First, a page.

italianoenglishfrançaisdeutschespańolportuguęs
Language
Search
  • » Vine Physiology
  • » Grapevine resistance to pathogens: a genomic overview

Grapevine resistance to pathogens: a genomic overview

G. MALACARNE, F. MOREIRA, M. PERAZZOLLI, M. S. GRANDO, R. VELASCO; Fondazione Edmund Mach, Istituto agrario di San Michele all’Adige (Iasma), Italy;

Grapevine (Vitis vinifera L.) is the most widely grown fruit crop with an annual production of more than 67 million tons, while its derivatives have a large and expanding world-wide market. However, grapevine cultivars are susceptible to many pathogens, either by direct infection of the berries themselves or through the reduction of plant vigour, both of which reduce fruit quality and yield. Disease control is currently carried out by intensive use of pesticides, with an undesirable environmental impact. To reduce excessive use of phytochemicals in the vineyard, alternative strategies have been explored. Many longstanding breeding programmes have been established in the past aimed at combining V. vinifera fruit quality traits with resistance traits brought in by other Vitis species. This has, however, proved to be a difficult task, due to the quantitative nature of resistance determination, the long generation time, and the high heterozygosity and inbreeding depression of grapevines. The recent discovery of the Pinot Noir genome sequence represents an important new resource in tackling the problem and provides us with the possibility of defining the genomic regions responsible for resistance traits and of identifying the candidate genes underlying the known resistance Quantitative Trait Loci (QTLs).
Published on 19/07/2010
Related sheets
  • E. Aguera, J.M. Sablayrolles
    The seasonal character of harvests limits winemaking considerably, especially oenological research. Thus, conserving sterile musts during the whole year to carry out experiments is certainly a very...
    Published on:10/08/2005
  • Most popular practices in Europe against FD
    Results of interviews in 10 winegrowing regions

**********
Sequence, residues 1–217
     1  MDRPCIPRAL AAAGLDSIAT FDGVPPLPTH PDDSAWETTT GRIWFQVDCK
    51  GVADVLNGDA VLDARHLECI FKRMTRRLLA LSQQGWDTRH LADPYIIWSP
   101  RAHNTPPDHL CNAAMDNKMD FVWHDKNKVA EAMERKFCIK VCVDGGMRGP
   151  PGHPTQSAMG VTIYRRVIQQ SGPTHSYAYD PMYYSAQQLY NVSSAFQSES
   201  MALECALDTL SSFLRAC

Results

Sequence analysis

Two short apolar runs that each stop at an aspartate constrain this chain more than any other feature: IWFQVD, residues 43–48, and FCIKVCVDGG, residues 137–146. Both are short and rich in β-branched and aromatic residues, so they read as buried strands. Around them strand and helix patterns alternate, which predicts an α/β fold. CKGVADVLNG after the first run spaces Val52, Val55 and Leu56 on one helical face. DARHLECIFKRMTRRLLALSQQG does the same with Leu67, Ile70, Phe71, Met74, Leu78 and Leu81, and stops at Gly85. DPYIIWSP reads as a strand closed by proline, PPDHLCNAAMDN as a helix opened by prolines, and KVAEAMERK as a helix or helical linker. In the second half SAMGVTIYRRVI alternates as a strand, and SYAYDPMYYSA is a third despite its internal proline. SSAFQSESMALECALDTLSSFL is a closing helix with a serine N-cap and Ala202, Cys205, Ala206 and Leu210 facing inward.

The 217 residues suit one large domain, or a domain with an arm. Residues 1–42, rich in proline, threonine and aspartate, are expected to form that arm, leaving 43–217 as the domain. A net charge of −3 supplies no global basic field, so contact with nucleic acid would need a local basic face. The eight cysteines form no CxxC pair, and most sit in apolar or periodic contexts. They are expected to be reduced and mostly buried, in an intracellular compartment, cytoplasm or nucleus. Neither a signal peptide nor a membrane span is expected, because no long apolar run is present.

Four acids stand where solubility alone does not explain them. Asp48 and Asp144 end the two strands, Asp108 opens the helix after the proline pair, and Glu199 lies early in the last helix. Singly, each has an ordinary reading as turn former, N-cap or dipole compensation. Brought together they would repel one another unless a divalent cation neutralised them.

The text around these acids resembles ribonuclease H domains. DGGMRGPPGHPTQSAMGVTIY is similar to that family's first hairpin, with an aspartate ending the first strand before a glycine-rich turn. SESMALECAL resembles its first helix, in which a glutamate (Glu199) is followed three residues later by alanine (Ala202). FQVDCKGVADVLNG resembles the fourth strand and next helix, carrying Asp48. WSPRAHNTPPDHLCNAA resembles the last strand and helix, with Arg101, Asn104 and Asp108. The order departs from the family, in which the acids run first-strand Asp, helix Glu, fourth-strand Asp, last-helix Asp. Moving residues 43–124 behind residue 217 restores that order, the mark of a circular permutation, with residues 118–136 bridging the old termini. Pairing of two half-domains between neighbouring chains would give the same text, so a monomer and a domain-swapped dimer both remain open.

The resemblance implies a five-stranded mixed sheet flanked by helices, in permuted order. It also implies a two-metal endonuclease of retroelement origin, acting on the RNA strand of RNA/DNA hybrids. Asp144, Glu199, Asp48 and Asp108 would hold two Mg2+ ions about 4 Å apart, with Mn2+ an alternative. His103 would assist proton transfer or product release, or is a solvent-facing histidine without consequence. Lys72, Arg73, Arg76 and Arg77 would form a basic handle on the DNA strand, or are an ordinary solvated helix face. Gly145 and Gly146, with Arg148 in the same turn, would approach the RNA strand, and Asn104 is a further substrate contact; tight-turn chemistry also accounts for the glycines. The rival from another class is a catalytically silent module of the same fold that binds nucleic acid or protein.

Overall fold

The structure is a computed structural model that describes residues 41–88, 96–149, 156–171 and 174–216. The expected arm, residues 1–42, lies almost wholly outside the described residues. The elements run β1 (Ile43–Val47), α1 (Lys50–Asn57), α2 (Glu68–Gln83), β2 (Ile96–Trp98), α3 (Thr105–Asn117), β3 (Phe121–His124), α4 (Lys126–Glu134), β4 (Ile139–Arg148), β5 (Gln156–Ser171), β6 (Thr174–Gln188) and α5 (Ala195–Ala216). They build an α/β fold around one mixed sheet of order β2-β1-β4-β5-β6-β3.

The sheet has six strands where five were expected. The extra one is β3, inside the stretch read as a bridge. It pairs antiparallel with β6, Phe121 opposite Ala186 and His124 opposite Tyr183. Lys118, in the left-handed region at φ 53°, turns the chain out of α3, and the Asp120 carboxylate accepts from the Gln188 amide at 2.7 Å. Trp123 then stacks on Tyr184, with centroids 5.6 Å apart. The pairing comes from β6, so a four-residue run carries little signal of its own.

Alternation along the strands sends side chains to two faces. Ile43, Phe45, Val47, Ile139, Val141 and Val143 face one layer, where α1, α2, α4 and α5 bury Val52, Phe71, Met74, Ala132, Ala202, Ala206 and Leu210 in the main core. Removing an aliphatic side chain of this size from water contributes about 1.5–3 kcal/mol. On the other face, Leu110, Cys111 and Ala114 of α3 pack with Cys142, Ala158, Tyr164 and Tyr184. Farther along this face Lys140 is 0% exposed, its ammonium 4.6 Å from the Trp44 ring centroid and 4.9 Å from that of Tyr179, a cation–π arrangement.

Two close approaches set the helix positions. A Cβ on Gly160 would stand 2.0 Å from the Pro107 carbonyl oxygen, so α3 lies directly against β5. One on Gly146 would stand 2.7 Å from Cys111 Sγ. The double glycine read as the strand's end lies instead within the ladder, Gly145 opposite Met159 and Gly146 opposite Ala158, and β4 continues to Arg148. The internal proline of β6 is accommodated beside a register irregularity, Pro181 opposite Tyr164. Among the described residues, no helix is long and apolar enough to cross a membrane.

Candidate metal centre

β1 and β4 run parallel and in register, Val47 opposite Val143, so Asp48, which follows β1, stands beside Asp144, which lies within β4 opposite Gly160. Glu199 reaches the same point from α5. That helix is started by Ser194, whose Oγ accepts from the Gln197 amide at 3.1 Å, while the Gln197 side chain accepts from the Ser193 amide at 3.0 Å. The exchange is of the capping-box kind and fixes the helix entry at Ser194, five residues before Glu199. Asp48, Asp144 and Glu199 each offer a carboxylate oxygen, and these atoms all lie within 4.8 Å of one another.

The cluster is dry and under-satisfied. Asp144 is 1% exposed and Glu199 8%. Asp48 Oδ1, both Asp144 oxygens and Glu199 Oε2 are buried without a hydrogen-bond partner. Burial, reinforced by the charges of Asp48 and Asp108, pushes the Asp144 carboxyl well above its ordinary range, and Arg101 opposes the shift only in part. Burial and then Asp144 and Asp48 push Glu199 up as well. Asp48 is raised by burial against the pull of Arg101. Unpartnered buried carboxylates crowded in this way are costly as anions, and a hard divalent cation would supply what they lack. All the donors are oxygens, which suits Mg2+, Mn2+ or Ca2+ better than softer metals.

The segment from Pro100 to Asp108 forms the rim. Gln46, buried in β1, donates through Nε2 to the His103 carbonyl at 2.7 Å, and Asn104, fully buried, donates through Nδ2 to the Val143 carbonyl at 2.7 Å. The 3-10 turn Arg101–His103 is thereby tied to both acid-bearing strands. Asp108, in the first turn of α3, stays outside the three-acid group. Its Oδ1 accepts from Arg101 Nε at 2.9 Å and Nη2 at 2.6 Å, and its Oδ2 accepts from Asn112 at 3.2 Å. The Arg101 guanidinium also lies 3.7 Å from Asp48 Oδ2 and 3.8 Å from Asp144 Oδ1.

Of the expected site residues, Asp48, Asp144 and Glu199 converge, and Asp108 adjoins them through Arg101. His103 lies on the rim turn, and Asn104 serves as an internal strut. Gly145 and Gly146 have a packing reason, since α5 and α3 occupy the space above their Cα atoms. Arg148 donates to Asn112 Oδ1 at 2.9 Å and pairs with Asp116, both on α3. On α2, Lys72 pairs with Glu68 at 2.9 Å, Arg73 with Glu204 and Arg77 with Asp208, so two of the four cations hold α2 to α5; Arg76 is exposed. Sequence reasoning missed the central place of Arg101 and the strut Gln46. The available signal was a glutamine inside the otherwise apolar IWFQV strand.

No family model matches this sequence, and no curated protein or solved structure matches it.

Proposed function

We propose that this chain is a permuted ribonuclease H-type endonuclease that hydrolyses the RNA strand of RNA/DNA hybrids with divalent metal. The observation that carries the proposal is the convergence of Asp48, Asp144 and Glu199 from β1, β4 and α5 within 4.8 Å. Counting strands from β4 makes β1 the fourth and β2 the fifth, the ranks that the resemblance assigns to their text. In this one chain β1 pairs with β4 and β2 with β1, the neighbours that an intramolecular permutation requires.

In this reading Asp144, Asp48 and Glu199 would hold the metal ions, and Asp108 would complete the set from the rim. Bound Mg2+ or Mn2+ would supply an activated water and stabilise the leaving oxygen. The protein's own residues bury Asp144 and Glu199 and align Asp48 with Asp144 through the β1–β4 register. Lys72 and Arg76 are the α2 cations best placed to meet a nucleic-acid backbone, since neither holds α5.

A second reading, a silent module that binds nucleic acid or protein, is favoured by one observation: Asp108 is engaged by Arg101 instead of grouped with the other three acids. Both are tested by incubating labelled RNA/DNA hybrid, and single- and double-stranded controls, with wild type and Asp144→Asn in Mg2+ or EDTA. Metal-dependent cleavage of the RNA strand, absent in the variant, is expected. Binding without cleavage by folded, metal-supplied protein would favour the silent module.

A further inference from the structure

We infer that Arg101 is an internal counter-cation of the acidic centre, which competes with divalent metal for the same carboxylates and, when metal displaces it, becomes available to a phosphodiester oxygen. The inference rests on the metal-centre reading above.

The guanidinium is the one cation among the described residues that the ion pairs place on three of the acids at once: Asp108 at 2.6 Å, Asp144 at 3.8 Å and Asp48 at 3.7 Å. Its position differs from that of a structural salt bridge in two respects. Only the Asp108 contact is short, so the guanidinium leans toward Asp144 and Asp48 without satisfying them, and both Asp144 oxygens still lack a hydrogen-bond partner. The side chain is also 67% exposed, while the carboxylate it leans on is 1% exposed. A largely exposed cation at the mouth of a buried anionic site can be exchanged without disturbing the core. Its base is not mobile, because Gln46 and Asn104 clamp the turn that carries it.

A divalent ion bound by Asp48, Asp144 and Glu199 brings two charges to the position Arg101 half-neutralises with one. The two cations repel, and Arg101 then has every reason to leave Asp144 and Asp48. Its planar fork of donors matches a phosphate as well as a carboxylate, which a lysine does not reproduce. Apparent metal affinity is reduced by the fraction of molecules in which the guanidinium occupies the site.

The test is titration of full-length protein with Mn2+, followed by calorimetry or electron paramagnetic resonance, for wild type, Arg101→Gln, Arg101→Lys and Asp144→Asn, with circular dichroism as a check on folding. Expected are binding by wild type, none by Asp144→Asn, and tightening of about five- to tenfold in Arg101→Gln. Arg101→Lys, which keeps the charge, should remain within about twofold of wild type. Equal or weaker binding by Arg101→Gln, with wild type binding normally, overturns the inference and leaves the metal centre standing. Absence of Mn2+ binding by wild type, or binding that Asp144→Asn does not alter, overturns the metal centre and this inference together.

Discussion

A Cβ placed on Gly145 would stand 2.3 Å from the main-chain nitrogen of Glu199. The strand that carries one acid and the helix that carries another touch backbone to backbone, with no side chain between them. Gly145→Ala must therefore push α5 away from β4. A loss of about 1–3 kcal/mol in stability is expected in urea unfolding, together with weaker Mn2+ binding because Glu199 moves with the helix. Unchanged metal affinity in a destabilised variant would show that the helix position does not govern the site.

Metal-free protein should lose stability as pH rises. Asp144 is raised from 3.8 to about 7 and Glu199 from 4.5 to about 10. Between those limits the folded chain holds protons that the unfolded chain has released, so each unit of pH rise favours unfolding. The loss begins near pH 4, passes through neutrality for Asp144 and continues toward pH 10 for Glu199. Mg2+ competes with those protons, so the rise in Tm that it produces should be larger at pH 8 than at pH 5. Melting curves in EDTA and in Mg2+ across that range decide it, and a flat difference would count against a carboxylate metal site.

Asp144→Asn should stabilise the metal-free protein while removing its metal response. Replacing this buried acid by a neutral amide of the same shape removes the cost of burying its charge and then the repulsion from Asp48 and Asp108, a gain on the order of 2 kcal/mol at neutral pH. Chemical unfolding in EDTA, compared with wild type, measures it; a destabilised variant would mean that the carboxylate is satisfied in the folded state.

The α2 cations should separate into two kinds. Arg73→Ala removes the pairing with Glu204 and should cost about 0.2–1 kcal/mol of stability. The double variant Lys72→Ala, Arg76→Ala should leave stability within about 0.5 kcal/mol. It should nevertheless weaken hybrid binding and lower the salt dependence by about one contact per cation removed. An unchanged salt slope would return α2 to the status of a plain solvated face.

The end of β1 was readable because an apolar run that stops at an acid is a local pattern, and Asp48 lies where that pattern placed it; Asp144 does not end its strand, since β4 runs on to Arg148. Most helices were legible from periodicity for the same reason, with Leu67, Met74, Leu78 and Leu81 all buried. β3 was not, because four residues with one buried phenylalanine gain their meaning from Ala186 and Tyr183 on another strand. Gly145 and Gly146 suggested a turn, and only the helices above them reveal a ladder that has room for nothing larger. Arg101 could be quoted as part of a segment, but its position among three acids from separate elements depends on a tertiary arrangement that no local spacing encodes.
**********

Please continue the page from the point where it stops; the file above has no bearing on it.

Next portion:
This document illustrate practices observed on field in the famework of interviews realized during Winetwork project. 219 interviews were realized in 10 european winegrowing regions with the object...
    Published on:06/12/2016
  • Botrytis Bunch Rot: a complex disease requiring integrated control
    Wayne F. Wilcox ; Plant Pathology & Plant-Microbe Biology Section, SIPS, Cornell University, USA
    Botrytis bunch rot (BBR), caused by the fungus Botrytis cinerea, causes damage to ripening grape clusters throughout the temperate regions of the world where pre-harvest rains occur. Although pure ...
    Published on:26/04/2017
  • Brettanomyces: should VBNC (Viable But Not-Culturable cells) be feared ?
    Lucile PIC et Jacques MATHIEU, GIE ICV VVS
    In order to help winemakers choose the most suitable analytical method to help prevent the appearance of volatile phenols and "animal" notes in their wines, we prepared some trials to evaluate the ...
    Price:6 €(Tax included)
    Published on:16/01/2017
  • Effect of rootstock on berry and wine composition of new white grapevine cultivar Savilon
    Khafizova Asiia, Ph.D., Doc. Ing. Miloš Michlovský, DrSc.; Vinselekt Michlovský a.s., Czech Republic
    The results of our study indicate that rootstocks influence significantly most of studied phenolic compounds, though it was also shown that the influence of the year is more prominent than the infl...
    Published on:18/06/2017
  • Inhibitory activity of phenolic compounds against microorganisms involved in oenological fermentations
    Natalia Quijada-Morín et al. ; Grupo de Investigación en Polifenoles, Univ. Salamanca - ICVV, Univ. La Rioja-Bodegas Roda, La Rioja - Laffort Spain
    Stuck fermentations often occur in musts derived from high quality and high phenolic content grapes, which, even in the most favorable nutritional conditions, are unable to normally develop the fer...
    Published on:18/06/2017
© All Right Reserved
powered by infonet srl piacenza
Privacy Policy
This website and its related third-party services make use of cookies necessary for the purposes described in the cookie policy. If you want to learn more about cookies or how to disable them (either totally or partially), please see the cookie policy. By closing this banner, scrolling through this page, clicking on a link or continuing navigation in any other way, you consent to the use of cookies.
More informationOK

- A +